• The most important skills for a driver supervisor to have in this position are hearing ability. In this excerpt that we gathered from a driver supervisor resume, you'll understand why: "truck drivers need good hearing" According to resumes we found, hearing ability can be used by a driver supervisor in order to "provided clients with transportation to their medical appointments including therapy, dentistry, hearing and dialysis. "
  • While it may not be the most important skill, we found that many driver supervisor duties rely on physical health. This example from a driver supervisor explains why: "federal regulations do not allow people to become truck drivers if they have a medical condition, such as high blood pressure or epilepsy, which may interfere with their ability to operate a truck." This resume example is just one of many ways driver supervisors are able to utilize physical health: "coordinated and reviewed results of dot physical and drug screens. "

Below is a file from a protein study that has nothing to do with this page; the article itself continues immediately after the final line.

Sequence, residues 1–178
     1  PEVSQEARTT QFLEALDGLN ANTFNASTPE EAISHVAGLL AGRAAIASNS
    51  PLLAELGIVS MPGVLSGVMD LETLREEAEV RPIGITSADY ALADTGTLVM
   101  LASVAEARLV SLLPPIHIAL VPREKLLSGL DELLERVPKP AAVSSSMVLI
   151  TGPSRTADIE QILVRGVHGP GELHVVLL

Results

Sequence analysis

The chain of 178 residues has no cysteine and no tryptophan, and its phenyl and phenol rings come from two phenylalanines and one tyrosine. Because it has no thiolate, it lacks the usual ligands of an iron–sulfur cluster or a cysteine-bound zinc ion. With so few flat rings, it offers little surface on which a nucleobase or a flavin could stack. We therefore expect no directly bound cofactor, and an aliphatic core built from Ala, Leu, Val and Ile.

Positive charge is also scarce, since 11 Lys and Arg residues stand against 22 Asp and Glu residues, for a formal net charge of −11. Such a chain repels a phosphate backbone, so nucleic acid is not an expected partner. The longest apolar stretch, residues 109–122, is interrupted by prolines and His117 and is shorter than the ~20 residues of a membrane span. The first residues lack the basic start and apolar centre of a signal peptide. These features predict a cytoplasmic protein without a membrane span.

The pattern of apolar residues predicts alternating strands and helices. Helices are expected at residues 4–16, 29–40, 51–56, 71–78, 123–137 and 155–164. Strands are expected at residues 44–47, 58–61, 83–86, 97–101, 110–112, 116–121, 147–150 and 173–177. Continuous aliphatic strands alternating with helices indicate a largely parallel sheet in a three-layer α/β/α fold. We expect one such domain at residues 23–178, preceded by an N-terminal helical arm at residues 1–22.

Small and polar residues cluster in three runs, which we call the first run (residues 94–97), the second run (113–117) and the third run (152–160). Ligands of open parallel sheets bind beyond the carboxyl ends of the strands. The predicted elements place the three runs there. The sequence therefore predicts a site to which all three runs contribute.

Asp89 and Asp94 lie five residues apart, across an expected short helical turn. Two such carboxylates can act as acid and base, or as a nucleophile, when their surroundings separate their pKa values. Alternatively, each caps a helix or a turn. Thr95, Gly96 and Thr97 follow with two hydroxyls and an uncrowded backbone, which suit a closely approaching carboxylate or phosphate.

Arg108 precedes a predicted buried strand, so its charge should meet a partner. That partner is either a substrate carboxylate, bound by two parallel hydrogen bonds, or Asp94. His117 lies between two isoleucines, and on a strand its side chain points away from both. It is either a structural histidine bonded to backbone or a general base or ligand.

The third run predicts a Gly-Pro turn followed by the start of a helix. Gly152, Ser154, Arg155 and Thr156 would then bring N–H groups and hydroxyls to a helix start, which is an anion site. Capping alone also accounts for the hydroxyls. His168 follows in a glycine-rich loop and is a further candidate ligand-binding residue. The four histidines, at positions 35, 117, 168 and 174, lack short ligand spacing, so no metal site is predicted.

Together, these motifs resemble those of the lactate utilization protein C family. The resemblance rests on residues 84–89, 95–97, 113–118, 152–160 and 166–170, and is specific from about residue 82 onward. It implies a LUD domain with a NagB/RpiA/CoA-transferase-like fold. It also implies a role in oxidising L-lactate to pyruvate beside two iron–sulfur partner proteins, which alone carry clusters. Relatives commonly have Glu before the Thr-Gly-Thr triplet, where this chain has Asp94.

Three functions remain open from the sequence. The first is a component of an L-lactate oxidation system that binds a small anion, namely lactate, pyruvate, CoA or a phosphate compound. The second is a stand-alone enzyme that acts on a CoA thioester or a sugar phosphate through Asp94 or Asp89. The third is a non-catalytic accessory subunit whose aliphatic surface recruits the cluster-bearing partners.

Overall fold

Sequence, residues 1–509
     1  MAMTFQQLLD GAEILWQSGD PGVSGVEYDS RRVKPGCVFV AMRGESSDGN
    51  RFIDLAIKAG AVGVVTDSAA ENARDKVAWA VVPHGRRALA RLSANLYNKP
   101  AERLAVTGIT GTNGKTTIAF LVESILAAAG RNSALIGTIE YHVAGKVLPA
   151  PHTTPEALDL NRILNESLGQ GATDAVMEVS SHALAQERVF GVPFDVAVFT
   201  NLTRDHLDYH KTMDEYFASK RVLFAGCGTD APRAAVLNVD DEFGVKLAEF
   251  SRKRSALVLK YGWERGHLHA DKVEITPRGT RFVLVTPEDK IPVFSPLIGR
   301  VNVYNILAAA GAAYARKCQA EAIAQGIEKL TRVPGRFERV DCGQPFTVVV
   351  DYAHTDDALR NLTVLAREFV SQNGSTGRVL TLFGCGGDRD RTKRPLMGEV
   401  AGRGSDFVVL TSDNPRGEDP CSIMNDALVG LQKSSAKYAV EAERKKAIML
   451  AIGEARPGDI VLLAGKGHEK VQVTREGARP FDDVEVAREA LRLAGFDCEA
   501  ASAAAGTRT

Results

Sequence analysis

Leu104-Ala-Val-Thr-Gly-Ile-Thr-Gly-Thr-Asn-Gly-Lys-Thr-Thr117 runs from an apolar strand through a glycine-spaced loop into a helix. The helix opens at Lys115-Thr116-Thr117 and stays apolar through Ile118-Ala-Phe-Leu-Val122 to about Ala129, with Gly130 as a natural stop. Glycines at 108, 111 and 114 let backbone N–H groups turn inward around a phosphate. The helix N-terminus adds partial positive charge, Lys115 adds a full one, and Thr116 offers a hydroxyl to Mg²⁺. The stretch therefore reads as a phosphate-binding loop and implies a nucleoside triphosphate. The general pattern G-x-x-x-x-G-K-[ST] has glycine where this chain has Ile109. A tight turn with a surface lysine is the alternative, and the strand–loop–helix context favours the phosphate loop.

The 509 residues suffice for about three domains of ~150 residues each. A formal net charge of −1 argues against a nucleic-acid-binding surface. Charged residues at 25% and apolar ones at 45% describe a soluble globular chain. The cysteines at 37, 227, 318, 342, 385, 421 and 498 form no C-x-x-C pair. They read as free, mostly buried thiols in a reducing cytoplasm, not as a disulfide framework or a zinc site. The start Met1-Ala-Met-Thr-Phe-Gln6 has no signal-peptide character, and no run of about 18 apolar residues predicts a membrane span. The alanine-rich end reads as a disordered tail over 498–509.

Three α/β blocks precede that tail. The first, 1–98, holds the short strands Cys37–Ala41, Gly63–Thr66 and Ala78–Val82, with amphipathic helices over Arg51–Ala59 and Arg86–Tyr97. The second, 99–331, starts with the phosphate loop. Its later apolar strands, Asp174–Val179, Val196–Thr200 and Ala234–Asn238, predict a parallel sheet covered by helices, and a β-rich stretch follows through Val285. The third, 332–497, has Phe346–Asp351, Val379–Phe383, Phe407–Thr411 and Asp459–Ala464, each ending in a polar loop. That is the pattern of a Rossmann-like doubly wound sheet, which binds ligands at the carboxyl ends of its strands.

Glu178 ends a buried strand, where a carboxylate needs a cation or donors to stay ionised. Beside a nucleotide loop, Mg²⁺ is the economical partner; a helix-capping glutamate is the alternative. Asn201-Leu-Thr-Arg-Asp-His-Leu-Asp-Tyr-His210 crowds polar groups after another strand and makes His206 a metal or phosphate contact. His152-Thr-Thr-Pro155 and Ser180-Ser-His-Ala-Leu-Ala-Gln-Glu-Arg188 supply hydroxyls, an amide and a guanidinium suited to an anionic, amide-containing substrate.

• Driver supervisors are also known for hand-eye coordination, which can be critical when it comes to performing their duties. An example of why this skill is important is shown by this snippet that we found in a driver supervisor resume: "drivers of heavy trucks and tractor-trailers must be able to coordinate their legs, hands, and eyes simultaneously so that they will react appropriately to the situation around them and drive the vehicle safely." We also found this resume example that details how this skill is put to the test: "work in coordination with customer service, safety, and all departments to ensure the needs of the customers are met. "